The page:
دخول أعضاء

04/04/2020


جامعة النجاح الوطنية
منسق المشروع

www.najah.edu

 الصفحة الرئيسية >

Data Resources Category
Data Resources Category Scientific Paper
Research Title Crustal shear velocity structure across the Dead Sea Transform from two-dimensional modelling of DESERT project explosion seismic data

Published by (sources)

Geophysical Journal International, 160, 3, 910-924

Carried out by (authors)

Ayman Mohsen
Issue Year 2005
Abstract An analysis of the shear (S) waves recorded during the wide-angle reflection/refraction (WRR) experiment as part of the DESERT project crossing the Dead Sea Transform (DST) reveals average crustal S-wave velocities of 3.3-3.5 km s-1 beneath the WRR profile. Together with average crustal P-wave velocities of 5.8-6.1 km s-1 from an already published study this provides average crustal Poisson's ratios of 0.26-0.27 (Vp/Vs= 1.76-1.78) below the profile. The top two layers consisting predominantly of sedimentary rocks have S-wave velocities of 1.8-2.7 km s-1 and Poisson's ratios of 0.25-0.31 (Vp/Vs= 1.73-1.91). Beneath these two layers the seismic basement has average S-wave velocities of around 3.6 km s-1 east of the DST and about 3.7 km s-1 west of the DST and Poisson's ratios of 0.24-0.25 (Vp/Vs= 1.71-1.73). The lower crust has an average S-wave velocity of about 3.75 km s-1 and an average Poisson's ratio of around 0.27 (Vp/Vs= 1.78). No Sn phase refracted through the uppermost mantle was observed. The results provide for the first time information from controlled source data on the crustal S-wave velocity structure for the region west of the DST in Israel and Palestine and agree with earlier results for the region east of the DST in the Jordanian highlands. A shear wave splitting study using SKS waves has found evidence for crustal anisotropy beneath the WRR profile while a receiver function study has found evidence for a lower crustal, high S-wave velocity layer east of the DST below the profile. Although no evidence was found in the S-wave data for either feature, the S-wave data are not incompatible with crustal anisotropy being present as the WRR profile only lies 30� off the proposed symmetry axis of the anisotropy where the difference in the two S-wave velocities is still very small. In the case of the lower crustal, high S-wave velocity layer, if the velocity change at the top of this layer comprises a small first-order discontinuity underlain by a 2 km thick transition zone, instead of just a large first-order discontinuity, then both the receiver function data and the WRR data presented here can be satisfied. Finally, the S-wave velocities and Poisson's ratios which have been derived in this study are typical of continental crust and do not require extensional processes to explain them.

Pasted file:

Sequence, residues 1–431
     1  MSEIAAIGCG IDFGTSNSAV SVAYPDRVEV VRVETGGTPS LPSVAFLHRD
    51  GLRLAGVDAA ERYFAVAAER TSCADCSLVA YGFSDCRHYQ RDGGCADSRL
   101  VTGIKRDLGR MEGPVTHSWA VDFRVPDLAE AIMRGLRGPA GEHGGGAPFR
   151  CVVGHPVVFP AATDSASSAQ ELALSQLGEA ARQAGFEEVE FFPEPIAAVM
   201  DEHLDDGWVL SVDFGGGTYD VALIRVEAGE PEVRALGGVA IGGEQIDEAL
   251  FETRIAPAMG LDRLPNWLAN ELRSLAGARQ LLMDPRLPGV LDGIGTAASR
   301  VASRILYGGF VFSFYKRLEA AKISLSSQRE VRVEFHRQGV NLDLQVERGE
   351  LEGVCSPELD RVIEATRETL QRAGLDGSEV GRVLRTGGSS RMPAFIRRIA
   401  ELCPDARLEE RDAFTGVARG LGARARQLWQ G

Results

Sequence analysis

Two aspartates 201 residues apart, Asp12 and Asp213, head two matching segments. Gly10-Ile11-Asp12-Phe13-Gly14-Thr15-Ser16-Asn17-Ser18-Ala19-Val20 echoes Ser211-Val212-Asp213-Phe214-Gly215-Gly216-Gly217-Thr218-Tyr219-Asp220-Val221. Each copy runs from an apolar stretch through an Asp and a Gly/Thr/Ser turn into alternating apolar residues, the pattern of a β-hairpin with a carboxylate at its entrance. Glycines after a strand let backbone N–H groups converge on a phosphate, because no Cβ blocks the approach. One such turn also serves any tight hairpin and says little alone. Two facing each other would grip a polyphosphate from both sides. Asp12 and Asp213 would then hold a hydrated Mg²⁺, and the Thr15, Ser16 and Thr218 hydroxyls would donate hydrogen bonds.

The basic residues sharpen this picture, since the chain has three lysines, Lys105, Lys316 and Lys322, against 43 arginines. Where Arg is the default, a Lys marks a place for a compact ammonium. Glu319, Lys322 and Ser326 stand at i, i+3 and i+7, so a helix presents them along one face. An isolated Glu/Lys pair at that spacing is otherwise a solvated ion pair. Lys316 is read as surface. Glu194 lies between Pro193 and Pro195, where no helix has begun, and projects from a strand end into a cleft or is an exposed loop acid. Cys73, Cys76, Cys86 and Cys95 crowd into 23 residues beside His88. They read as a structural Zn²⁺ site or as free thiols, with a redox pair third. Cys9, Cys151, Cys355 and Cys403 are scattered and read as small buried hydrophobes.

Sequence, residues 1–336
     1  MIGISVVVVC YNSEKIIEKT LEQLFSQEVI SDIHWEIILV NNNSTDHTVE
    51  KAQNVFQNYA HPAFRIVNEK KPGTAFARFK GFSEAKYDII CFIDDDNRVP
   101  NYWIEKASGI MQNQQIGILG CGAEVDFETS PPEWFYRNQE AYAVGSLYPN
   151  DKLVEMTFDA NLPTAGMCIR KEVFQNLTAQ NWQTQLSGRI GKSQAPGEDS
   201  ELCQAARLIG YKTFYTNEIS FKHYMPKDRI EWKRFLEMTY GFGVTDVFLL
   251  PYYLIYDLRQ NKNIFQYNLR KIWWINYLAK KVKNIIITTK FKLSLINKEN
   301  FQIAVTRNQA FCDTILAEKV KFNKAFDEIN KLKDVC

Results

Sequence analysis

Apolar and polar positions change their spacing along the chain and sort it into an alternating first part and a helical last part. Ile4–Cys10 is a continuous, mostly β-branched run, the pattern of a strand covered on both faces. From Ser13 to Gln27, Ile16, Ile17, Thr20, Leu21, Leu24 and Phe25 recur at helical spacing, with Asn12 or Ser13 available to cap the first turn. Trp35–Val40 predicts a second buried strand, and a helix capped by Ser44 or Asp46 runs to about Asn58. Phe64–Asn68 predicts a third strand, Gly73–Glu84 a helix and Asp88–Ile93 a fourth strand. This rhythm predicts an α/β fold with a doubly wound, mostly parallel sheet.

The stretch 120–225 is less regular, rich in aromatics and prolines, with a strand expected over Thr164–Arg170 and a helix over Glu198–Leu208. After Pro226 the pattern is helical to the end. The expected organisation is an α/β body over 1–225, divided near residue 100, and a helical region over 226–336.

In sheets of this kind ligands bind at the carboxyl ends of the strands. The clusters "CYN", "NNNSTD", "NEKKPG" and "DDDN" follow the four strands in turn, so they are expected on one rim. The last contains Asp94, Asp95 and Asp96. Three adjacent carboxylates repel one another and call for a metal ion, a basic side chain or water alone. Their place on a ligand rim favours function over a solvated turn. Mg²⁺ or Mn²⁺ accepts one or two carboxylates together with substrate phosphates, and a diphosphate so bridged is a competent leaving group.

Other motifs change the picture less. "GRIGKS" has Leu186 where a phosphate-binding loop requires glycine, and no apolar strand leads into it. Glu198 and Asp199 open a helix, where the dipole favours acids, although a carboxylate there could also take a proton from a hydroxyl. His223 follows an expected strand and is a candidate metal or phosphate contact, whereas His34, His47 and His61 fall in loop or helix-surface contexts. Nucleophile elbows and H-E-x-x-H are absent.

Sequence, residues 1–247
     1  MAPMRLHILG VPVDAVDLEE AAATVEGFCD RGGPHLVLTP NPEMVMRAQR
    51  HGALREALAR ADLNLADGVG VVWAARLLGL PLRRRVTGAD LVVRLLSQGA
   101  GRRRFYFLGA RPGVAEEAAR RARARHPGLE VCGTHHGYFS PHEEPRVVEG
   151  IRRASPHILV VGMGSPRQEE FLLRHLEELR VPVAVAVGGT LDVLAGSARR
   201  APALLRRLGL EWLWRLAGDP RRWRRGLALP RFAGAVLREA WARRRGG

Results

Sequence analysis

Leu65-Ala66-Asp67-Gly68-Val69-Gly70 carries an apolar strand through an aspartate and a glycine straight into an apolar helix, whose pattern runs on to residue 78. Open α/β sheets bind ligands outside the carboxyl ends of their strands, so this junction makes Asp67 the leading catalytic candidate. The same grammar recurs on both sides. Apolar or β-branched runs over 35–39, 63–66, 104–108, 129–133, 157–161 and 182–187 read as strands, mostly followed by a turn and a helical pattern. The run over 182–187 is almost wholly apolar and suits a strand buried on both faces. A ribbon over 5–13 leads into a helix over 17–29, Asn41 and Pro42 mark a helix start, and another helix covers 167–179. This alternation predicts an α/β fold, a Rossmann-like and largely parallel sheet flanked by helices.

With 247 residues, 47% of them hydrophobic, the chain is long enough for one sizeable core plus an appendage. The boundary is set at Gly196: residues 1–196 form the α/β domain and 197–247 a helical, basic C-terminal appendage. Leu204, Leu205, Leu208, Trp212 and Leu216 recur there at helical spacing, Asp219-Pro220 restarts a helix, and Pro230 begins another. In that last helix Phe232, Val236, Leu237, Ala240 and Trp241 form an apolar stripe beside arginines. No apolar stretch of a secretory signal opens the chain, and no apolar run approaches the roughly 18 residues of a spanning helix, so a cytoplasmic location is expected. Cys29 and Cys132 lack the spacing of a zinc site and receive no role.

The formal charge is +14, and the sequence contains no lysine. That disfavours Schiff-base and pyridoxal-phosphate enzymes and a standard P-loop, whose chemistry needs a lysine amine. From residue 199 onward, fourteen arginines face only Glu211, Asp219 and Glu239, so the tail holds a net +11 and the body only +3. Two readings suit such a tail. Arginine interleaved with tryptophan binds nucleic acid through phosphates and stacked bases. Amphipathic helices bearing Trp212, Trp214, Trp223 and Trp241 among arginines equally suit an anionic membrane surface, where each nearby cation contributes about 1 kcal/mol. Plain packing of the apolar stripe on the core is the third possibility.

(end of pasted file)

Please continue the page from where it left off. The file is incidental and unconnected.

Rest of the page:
جميع الحقوق محفوظة لمشروع ساسبارم 2013
مركز التخطيط الحضري والحد من مخاطر الكوارث